And just to prove that blogging is not all about the US election today, here is part two of the ongoing blogsideration of The Rebel Sell, by THIS Magazine writer Andrew Potter and U of T philosophy prof. Joseph Heath.
Chapter 3: Being Normal
Potter and Heath use a series of analogies to express their arguments about society. In this chapter alone, we have the dating rulebook, the gay bathhouse, the terrible roommate, the prisoner’s dilemma, standing in line, the arms race, the sexual revolution, etc. many of them leading to an important distinction between everyday deviance and actual dissent.
At one point they present the following “simple test” for discerning between deviance and dissent. The “What if everyone did that? – would it make the world a better place to live?” test (page 81). I wonder just how simple this test actually is, since the answer to the second question might be entirely subjective.
For example – watching the Republican National Convention earlier this year, I drew a mental parallel between the images of protesters being hauled out of Madison Square Gardens for holding up signs, or revealing anti-Bush t-shirts, and the images I remember very well from the cold war, when insanely courageous Russian citizens would occasionally hold up dissenting signs during the May Day parade in Moscow, only to have their signs destroyed and their persons dragged away. Few people would deny that both of these instances are cases of genuine dissent, yet in the case of the RNC, and even the DNC for that matter, what if everyone staged an interruptive protest every time they disagreed with a politician’s stance on this or that? What if the American political system could not get through a single stump speech, televised debate or major rally without a huge disruptive protest, on par with what Republican party officials staged during the 2000 recounts in Florida, and without the protesters being dragged out of the arena like criminals? Would there be a workable democracy in the US? I think there would be, but it would be far messier and far more difficult, and for some that would mean it would NOT make the world a better place to live.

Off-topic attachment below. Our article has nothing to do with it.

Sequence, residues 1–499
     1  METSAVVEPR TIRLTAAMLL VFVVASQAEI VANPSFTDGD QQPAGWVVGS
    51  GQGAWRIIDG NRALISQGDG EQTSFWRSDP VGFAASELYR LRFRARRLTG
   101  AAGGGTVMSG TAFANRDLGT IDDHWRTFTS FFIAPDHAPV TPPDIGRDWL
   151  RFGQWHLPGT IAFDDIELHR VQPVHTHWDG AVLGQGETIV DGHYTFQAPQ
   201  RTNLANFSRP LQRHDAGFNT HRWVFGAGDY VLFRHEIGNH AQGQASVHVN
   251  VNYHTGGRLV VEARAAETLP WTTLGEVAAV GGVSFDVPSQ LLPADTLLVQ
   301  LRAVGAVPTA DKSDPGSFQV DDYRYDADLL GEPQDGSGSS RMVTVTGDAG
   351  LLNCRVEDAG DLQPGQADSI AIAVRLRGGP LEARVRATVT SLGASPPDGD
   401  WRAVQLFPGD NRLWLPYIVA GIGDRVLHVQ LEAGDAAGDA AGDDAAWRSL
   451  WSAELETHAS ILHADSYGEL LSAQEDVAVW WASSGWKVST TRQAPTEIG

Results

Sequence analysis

Yet, I think a messy democracy is the route to a better world. There’s a paradox here that cannot be resolved by the simple “what if everyone did that” test, which makes me wonder how valuable a test it is in any instance.
Oh, and by the way, what’s with the running Monty Python gag all through the book? Here we see the violence inherent in the system.